This Common Painkiller Is Hurting Your Heart

painkiller and heartDiclofenac is the third most popular type of painkiller, with paracetamol and ibuprofen taking the top two spots. New research on diclofenac has uncovered that it may potentially raise the risk of heart attack. The study found that the use of diclofenac may raise the risk of heart attack and stroke more so than using other types of painkillers.

The researchers looked at patients who were prescribed diclofenac for at least a year and compared data to individuals taking other painkillers and those who did not take painkillers. The findings uncovered that diclofenac patients continuously had a higher risk of heart-related problems compared to those on other painkillers or none at all.


Dr. Tarun K explained, “Diclofenac is mainly broken down in the liver, we’ve always known that there has been a link between excess use of paracetamol, acetaminophen and other such medications which are metabolized in the liver, and  the effects those have on the liver, but this is the first time a report has come out and shown that there is a direct link between using diclofenac and heart health. The fact that it is so easily available without a prescription is also something we have to consider. So many people take these painkillers for every little thing. We need to make them understand and aware of what exactly these medications do.”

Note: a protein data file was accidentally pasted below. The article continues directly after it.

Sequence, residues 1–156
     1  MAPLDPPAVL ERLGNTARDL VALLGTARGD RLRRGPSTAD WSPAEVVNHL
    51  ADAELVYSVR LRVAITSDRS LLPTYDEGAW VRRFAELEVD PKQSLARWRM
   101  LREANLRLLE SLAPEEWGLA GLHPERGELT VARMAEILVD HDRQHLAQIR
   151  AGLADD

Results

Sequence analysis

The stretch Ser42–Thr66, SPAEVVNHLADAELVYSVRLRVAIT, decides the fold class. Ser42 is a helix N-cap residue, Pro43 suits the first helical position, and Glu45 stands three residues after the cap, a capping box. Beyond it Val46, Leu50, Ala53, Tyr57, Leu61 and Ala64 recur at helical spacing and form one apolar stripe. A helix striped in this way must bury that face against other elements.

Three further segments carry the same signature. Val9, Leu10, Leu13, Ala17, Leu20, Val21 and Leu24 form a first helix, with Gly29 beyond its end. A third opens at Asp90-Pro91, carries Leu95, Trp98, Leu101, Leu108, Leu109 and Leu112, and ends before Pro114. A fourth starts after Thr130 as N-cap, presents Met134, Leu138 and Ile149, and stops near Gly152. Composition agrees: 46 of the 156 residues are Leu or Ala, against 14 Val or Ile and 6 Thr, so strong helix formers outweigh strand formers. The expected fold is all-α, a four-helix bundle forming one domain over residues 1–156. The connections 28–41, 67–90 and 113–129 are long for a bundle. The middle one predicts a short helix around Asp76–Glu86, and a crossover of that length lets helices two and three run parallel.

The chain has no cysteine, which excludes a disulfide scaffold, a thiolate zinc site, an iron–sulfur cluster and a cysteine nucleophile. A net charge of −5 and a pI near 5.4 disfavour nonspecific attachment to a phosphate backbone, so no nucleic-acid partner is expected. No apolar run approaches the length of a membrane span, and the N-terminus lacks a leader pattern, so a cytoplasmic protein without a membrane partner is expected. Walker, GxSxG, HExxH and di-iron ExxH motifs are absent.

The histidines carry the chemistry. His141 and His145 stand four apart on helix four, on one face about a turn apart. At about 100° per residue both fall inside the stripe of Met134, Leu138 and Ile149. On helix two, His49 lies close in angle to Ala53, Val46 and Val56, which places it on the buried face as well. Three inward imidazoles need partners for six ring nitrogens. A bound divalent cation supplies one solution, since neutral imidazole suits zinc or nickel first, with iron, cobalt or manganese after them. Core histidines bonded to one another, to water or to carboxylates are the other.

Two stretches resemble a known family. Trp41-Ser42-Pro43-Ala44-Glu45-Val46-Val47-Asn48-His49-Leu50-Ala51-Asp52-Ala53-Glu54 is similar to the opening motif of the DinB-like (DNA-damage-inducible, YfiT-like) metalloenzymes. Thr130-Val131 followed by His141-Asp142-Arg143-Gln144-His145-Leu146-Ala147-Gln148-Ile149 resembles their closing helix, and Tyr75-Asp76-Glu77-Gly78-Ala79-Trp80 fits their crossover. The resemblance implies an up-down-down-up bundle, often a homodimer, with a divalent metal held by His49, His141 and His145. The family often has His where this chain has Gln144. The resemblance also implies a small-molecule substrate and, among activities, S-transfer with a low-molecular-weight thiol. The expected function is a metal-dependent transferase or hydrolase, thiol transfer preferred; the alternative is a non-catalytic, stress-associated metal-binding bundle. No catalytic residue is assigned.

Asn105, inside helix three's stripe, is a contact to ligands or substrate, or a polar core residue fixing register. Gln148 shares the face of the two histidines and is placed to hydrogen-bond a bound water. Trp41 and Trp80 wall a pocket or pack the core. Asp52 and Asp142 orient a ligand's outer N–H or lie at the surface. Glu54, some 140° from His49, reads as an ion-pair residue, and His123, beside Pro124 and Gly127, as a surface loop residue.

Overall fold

Although there was an overall increased risk of heart attack while using diclofenac, the individual risk was still relatively low.

To reduce your risk of heart attack, ensure you’re practicing heart-healthy habits such as not smoking, eating well, exercising, reducing stress, managing other health conditions, and maintaining a healthy weight. Always speak to your doctor about over-the-counter drugs you’re taking for a prolonged period of time and always take medications as instructed on the label or by your doctor.

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Author Bio

Emily Lunardo studied medical sociology at York University with a strong focus on the social determinants of health and mental illness. She is a registered Zumba instructor, as well as a Canfit Pro trainer, who teaches fitness classes on a weekly basis. Emily practices healthy habits in her own life as well as helps others with their own personal health goals. Emily joined Bel Marra Health as a health writer in 2013.


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